Barbados Pocket Guide

English Heritage

The Derelict & Dying Remains of Farley Hill House, St. Peter, Barbados Pocket Guide

English Heritage

The island of Barbados is seen as a unique island in more ways than one. It's geographical location, its culture and it's heritage, all combined aid in the birth and continuous development of an island that is filled with a rich history.

 

The English and their influence have prevailed in Barbados for some time now, dating back to 1627, when the first English settlers arrived on the island. Barbados gained independence in 1966 from Britain but continues to be heavily influenced by the English culture. Such ways are seen in the political system, the educational system, the religious diaspora, the legal system and cricket.

 

Barbados' Political System in Barbados

Barbados is currently separated into three distinct political institutions with each one having several subdivisions among them.

 

Barbados' executive power rests in the hands of the monarch - which is the Queen.

 

The Queen is represented by the Governor General who acts on her behalf.

 

The Prime Minister and his cabinet then advises the Governor General accordingly.

 

Barbados is a country with rich traditions and British influence. Like other British overseas territories, the Queen serves as the Monarch and the head of state. The Queen is represented by a Governor General who then acts on the advice of the Prime Minister and his cabinet. The Prime Minister is the true leader in government, but that does not mean that the Governor General does not have any influence.

 

Barbados' Educational System

The educational system in Barbados is predominantly styled after Britain's own educational system. All citizens of Barbados aged 5 up to 16 are entitled free access to free enrollment. There are three (3) levels of education in Barbados and there are Primary, Secondary then Tertiary.

 

The Religious Diaspora in Barbados

By and large Barbados is of Anglican descent primarily because in the early 19th century the majority of whites in Barbados were of Anglican descent and hence passed this way of life on to most balck Barbadian. Despite the strong Anglican influence, Barbados has been still able to successfully introduce other religions onto the island with some fairly large gatherings. Some of these other religions include but are not limited to Pentecost, Catholicism, Seventh Day Adventists, Bhuddists and Jehovah's Witness.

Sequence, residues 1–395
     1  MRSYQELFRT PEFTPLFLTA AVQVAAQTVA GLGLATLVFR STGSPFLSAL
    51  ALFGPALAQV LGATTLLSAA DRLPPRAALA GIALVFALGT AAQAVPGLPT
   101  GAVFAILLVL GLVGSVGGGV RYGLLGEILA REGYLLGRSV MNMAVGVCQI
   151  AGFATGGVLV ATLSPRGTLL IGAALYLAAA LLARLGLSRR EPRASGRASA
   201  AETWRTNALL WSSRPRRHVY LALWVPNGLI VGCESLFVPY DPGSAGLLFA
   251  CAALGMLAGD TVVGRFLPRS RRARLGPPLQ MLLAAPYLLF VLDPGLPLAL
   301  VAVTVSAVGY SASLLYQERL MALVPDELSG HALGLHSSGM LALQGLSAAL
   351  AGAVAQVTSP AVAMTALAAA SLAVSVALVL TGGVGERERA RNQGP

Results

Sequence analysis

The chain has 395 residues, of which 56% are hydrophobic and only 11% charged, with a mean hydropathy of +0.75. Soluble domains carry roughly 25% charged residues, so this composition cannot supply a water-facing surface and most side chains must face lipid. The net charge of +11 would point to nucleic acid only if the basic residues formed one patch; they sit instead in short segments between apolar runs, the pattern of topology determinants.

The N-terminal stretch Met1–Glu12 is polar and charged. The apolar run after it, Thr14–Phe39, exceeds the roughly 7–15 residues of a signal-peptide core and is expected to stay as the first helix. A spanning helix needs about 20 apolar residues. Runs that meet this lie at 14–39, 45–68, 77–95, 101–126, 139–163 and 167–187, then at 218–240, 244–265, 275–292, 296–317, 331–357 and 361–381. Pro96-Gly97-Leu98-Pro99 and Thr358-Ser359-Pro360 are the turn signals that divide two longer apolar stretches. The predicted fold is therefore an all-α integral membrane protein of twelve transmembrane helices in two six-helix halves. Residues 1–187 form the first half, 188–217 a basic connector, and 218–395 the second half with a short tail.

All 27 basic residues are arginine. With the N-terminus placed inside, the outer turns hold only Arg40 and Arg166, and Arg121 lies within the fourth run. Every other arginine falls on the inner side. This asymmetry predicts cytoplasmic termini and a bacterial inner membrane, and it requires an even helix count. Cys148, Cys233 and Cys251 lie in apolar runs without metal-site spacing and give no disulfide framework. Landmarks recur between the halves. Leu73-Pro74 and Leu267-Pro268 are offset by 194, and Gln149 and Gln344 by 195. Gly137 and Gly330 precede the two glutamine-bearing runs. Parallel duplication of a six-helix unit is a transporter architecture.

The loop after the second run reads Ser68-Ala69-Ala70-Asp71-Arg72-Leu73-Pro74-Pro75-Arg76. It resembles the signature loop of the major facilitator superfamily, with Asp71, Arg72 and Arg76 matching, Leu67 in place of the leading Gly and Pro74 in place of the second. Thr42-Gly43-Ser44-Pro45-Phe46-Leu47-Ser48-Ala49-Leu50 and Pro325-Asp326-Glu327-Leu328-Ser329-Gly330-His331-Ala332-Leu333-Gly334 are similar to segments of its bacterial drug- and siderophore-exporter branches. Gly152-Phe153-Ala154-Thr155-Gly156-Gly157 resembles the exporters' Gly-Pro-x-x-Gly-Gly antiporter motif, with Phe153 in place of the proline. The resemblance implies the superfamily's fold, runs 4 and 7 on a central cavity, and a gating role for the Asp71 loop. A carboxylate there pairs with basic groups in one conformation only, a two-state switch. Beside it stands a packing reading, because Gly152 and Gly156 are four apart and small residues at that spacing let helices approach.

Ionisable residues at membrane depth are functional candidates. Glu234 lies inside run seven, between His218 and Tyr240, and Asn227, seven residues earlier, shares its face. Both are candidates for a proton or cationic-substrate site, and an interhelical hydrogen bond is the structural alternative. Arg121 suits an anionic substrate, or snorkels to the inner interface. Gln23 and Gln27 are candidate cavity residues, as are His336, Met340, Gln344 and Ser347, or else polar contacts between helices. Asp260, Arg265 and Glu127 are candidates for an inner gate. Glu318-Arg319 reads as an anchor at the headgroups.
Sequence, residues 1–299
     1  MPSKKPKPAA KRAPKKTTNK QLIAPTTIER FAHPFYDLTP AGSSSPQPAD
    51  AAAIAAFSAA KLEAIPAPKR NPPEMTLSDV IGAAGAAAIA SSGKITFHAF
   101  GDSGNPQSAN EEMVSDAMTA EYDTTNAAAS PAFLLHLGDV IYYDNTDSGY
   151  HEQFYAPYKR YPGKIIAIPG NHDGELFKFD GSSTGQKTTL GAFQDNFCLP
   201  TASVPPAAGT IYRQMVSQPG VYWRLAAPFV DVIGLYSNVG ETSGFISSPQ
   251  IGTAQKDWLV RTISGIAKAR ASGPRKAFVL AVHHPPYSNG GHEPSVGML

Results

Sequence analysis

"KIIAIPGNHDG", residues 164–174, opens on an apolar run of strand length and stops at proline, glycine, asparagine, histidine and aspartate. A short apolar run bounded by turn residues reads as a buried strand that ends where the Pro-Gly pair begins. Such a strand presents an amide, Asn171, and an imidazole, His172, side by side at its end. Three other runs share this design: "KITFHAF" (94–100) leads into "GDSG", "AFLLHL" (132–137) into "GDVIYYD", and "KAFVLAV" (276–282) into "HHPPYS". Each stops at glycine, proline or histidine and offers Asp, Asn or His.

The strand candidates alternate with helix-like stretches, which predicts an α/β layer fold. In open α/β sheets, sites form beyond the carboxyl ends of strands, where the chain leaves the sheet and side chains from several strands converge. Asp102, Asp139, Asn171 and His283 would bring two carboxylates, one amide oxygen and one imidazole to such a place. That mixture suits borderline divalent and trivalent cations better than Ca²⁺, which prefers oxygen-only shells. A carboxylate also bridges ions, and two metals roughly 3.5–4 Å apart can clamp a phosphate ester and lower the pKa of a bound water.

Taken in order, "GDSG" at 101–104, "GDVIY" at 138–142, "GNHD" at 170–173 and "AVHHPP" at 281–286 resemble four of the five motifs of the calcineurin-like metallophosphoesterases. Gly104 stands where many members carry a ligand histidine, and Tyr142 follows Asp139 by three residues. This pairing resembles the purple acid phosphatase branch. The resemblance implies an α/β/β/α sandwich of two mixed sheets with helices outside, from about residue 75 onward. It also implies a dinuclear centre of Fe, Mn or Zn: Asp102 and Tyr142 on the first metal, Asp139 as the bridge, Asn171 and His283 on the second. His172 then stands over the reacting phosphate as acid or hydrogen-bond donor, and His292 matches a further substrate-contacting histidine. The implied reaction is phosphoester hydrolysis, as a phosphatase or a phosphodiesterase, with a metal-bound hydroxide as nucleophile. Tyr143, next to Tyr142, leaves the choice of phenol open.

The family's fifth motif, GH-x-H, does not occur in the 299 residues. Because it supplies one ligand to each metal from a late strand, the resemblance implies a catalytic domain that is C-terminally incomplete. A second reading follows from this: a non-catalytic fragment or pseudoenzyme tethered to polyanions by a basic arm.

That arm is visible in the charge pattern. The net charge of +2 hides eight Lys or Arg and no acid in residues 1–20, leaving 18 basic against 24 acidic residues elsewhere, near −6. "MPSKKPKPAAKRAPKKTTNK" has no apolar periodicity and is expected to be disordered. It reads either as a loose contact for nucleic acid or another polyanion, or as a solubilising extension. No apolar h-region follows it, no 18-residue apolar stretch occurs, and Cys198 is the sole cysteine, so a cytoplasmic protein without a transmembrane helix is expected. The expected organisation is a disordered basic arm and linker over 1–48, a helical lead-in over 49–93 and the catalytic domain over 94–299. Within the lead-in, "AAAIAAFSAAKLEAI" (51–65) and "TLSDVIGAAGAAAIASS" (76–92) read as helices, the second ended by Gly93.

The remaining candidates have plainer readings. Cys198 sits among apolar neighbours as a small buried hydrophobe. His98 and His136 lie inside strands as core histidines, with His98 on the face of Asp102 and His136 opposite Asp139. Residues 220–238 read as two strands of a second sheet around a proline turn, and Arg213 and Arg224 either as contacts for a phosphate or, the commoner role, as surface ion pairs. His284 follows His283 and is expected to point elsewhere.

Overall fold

Despite the English heritage that is a part of Barbados, the people of Barbados have still been able to carry their own identity.

 

The Legal System in Barbados

The legal system in Barbados is founded in the British Common Law system.

 

The courts enforce respect for civil rights and assure a number of due process protections in criminal proceedings including a right of detainees to be brought before a judge within 72 hours of arrest. The Judiciary is independent and free from political influence.

 

The Supreme Court of Judicature sits as a high court and court of appeal; vested by the constitution with unlimited jurisdiction, it consists of a chief justice and three puisne judges, appointed by the governor-general on the recommendation of the prime minister after consultation with the leader of the opposition party. Magistrate courts have both civil and criminal jurisdiction.

 

The Game of Cricket

The game of cricket, the most popular sport in Barbados, has been passed down from the English to the people of Barbados. Despite the length of time that cricket has been a part of Barbados' sporting calendar, it is still very popular amongst conversations in the workplace, homes, parties, rumshops and public transportation.

 

Despite the fact that Barbados became independent of Britain in 1966, Britain continues to have  a strong influence on Barbados' culture and political climate even today.

 

Last modified on Monday, 06 February 2012 19:08

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